Given the openness of DB2 for i, I trust you now realize that there are many different ways for a user to gain access to data outside of the old style menu based applications. For example, tools and applications that connect via ODBC and JDBC interfaces abound. The need to properly secure database objects directly via the powerful IBM i security features is a must. If I walk into your shop and try to access your physical files with SQuireL
, will I gain access? If you don't know, or are not sure, we need to talk. Seriously.
Unfortunately, granting or revoking rights to the data seems to be an all or nothing proposition. If a user has access to the table, they have access to all the rows. If a user does not have access to the table, they have access to no rows. What if different departments all need access to the same table, but each department must be restricted to a subset of rows and columns that they are authorized to see? Is there a way to allow each group of users access to only their respective data sets?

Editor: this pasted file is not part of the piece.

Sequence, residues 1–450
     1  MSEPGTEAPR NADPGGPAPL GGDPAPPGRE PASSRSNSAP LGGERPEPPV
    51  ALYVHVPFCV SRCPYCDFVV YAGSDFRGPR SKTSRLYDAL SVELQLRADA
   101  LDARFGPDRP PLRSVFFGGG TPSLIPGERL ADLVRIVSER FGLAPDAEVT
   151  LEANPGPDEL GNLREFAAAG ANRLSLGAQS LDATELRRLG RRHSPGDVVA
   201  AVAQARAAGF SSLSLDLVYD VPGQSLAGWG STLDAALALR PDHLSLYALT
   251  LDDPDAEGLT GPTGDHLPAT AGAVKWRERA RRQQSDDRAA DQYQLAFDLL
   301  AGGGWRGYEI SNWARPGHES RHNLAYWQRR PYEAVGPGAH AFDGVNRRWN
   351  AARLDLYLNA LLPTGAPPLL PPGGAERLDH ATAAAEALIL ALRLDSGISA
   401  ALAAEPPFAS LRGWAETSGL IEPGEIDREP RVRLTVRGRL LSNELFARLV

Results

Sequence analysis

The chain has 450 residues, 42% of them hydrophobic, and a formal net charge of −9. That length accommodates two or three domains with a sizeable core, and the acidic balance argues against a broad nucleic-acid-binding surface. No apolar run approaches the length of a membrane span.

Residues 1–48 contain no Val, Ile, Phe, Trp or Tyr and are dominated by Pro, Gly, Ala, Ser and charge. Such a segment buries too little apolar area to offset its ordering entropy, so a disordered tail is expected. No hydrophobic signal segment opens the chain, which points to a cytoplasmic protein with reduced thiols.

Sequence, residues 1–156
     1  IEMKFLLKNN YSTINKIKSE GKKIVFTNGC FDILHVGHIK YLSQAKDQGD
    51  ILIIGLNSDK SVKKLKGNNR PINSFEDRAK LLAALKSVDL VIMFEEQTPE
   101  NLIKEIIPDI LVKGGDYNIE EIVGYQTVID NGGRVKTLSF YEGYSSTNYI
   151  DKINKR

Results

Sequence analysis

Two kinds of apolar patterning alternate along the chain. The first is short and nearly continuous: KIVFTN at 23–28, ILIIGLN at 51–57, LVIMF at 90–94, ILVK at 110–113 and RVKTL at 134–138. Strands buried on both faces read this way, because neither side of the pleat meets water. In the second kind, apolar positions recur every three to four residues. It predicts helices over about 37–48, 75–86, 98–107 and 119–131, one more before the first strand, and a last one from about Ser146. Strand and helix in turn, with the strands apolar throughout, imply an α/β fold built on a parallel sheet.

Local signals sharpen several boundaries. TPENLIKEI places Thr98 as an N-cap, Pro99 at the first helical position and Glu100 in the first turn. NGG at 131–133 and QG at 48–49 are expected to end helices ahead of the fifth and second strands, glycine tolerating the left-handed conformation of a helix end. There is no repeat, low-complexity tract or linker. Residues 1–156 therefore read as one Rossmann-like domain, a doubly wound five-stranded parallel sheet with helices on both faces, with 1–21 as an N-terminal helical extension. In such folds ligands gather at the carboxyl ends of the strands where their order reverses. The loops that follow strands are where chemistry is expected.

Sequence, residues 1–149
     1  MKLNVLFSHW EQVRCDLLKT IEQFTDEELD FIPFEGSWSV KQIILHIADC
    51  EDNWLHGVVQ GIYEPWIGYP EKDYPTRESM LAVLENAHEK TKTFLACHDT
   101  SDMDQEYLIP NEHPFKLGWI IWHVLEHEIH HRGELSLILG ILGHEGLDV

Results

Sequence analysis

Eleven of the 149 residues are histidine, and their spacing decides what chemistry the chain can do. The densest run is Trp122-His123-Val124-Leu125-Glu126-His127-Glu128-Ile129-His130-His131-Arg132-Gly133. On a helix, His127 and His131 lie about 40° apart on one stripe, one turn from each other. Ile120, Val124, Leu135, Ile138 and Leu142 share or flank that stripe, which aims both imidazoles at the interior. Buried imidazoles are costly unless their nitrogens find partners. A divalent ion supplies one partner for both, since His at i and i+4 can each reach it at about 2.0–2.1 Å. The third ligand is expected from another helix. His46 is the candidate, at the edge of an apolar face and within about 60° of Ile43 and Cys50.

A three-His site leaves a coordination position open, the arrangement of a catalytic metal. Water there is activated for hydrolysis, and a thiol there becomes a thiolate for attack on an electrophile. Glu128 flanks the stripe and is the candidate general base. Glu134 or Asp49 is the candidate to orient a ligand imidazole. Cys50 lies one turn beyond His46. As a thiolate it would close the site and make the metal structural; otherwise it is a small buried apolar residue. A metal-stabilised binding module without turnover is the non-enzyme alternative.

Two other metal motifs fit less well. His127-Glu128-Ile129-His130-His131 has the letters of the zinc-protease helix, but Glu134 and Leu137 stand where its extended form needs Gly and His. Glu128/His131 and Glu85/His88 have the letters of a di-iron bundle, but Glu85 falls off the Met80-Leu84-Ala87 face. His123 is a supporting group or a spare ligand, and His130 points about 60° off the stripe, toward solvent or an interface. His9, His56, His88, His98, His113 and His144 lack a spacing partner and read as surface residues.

Within the science and art of relational database there exists the ability to provide a logical "view" of the data. A VIEW is a virtual table, and as such, the database engineer
can define and publish various views of the same data. This technique can be used to provide different groups of users with different sets of rows that they can "see". The trick is to ensure that the user is only accessing their particular VIEW and no other.